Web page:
I would be concerned about the condition of the plywood under your flooring before worrying about fixing the cabinets. We had a small spot on the corner of the kitchen cabinet where It is next to the door frame that was delaminating. It was caused by water getting in through the door. We had a decent amount of leaks, so we ripped up ALL the vinyl flooring inside and outside the cabinets so we could evaluate the plywood flooring. We were lucky, only 3 small areas that had to be patched. Ripping up the vinyl also made it easier to access the frame bolts to replace them. We are using foam squares for surface flooring.

Our cabinets were painted when we got the trailer, the paint was holding up well except where we removed the plethora of adhesive plastic hooks. So we repainted the cabinets. Out trailer had brown plastic corner and edge pieces. I primed and painted those because I didn't like the way they looked - it's holding up pretty well.
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Old 03-12-2021, 06:04 AM   #11
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Name: Eric
Trailer: Boler
TN
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Quote:
Originally Posted by Lisa in Michigan View Post
Our cabinets were painted when we got the trailer, the paint was holding up well except where we removed the plethora of adhesive plastic hooks.
Not to hi-jack the thread, but what is it with the adhesive plastic hooks. My first fiberglass trailer, 16' Scamp had 98 of them We spent about two hours removing them.
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Old 03-13-2021, 11:56 AM   #12
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Name: Mindy
Trailer: 13’ Boler
Ontario
Posts: 17
Beware full gut jobs

Lately most sales are people who pulled everything apart and lost interest or didnít have time. Piece by piece and figure out exactly how you use your trailer. Iím on year 4 with my 13í Boler and still puttering away.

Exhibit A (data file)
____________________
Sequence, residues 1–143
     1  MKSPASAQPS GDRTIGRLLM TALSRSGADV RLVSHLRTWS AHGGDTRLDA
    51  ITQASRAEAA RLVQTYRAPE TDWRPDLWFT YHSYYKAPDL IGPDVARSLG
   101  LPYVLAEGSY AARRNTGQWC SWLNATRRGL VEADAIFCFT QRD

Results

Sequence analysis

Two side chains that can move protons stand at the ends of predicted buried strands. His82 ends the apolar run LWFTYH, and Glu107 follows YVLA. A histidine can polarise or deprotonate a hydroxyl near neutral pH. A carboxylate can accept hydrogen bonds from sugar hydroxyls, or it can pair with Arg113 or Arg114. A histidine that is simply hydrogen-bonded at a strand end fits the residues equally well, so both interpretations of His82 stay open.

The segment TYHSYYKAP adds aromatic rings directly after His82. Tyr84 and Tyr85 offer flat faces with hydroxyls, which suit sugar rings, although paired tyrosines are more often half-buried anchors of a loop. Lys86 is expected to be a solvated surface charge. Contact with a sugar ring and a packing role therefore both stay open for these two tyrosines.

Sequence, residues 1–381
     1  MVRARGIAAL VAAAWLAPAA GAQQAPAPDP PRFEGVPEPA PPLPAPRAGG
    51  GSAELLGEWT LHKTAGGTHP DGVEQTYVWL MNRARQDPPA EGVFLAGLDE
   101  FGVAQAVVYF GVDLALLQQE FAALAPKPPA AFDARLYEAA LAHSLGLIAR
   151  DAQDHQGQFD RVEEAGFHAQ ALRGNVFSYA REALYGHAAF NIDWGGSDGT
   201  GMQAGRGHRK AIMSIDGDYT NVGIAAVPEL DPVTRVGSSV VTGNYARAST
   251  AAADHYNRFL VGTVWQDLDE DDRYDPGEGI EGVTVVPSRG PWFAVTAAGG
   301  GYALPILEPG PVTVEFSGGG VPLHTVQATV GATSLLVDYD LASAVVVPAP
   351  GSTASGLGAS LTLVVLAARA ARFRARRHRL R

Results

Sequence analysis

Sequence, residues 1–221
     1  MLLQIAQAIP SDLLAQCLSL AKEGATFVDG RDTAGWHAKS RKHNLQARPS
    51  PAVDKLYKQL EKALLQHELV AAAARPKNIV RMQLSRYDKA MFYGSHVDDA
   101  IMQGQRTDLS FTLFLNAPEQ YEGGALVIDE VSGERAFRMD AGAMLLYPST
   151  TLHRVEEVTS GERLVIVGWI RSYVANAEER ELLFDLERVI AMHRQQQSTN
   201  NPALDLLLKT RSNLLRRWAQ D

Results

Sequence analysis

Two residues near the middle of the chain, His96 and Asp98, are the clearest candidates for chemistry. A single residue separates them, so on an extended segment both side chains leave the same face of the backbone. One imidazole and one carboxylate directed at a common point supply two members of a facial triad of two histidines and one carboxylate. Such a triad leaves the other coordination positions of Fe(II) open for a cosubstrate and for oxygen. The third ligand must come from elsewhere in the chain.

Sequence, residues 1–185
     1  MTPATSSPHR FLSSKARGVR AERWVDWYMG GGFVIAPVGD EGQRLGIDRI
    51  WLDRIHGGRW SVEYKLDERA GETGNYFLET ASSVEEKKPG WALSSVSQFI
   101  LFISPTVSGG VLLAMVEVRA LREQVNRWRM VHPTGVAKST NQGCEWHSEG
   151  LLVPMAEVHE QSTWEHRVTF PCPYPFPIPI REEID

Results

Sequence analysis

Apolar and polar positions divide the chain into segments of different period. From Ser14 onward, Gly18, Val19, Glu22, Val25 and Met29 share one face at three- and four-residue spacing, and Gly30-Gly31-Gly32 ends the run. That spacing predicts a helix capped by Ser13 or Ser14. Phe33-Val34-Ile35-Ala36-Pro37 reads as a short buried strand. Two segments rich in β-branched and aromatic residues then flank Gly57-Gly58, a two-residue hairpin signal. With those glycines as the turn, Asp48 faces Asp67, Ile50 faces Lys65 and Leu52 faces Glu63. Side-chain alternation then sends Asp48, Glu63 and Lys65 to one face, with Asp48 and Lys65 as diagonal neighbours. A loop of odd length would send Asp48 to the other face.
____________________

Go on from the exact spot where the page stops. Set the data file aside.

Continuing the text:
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Old 03-17-2021, 12:37 PM   #13
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Name: Matthew
Trailer: Boler 17'
British Columbia
Posts: 8
Rachelle many congratulations on your new(to you) Boler 17. My wife and I have a 79 Boler 17 and had to do some refreshing of it. The previous owner had some challenges with water leak from the left rear corner of the belly band and also around the fridge vents. They has sealed them with silicone and I discover the problem with I cleaned the silicone out and was investigating how to clean and use the correct calking, in the end I cleaned the silicone out and reapplied fresh silicone as nothing else would stick (not the 100% correct thing to have but it works). We didn't have any problems with the floor being soft but did have some minor discoloration of the bottom of the fridge cabinet (like yours under the furnace). We decided that we wanted to use the trailer and not get into making a show piece so patched where we could and then painted everything in a lighter creamy white. We also had the issue with the insulation falling away form the celling in places. To deal with that we made some small cuts in it and then re-glued with a 3m adhesive we picked up at home depot (I don't remember the exact one). We then used some putty calk on the seams of the cut for appearance and then painted the ceiling. Over all we are quite happy with what we did and best of all we were able to do that over a winter so we didn't miss out on using the trailer. Also we have met Dave and Bonnie Scott and their trailer is what inspired us, they are worth speaking to about your project. Finally if I can be of any help at all please don't hessite to reach out via a message to me here (I am located in Vancouver).
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Old 03-17-2021, 04:26 PM   #14
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Name: Todd
Trailer: Boler
Alberta
Posts: 3
Quote:
Originally Posted by thrifty bill View Post
I too would do in "bite sized" chunks. If I did a full gut, I would run the risk of losing enthusiasm and commitment to such a major project. Instead, I would break it down into smaller pieces. Reseal windows (if you haven't done that yet), electrical, paint cabinets, etc.

But first, I would do a thorough inspection, focused on possible floor rot and wood structure rot.